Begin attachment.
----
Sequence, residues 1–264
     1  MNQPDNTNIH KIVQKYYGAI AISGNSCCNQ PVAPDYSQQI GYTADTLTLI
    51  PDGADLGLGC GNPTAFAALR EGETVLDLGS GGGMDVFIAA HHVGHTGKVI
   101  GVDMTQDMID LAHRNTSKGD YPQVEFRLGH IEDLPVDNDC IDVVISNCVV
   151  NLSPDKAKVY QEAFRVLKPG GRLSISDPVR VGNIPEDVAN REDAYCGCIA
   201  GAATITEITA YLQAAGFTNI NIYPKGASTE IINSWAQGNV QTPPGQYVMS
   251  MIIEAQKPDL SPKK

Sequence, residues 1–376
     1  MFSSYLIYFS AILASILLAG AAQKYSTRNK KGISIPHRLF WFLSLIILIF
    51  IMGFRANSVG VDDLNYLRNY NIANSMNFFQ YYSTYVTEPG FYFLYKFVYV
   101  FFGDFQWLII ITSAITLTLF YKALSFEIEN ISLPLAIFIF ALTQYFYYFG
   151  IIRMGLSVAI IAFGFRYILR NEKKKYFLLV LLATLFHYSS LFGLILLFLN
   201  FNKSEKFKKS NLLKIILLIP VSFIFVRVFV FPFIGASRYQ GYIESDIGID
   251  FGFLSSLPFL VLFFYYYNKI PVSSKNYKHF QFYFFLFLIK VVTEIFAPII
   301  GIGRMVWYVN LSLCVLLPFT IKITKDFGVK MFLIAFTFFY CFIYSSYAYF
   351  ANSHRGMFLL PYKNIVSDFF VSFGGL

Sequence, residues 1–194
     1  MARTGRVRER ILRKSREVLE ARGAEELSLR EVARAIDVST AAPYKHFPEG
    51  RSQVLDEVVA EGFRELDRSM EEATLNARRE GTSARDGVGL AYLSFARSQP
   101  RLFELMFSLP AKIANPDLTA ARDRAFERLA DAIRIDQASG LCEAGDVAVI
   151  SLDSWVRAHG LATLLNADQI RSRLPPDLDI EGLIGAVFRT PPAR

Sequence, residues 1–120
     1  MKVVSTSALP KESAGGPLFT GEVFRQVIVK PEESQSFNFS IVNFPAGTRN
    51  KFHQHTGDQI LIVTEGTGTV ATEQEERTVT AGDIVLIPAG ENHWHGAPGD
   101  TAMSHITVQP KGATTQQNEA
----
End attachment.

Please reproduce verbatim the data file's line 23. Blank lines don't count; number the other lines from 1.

     1  MKVVSTSALP KESAGGPLFT GEVFRQVIVK PEESQSFNFS IVNFPAGTRN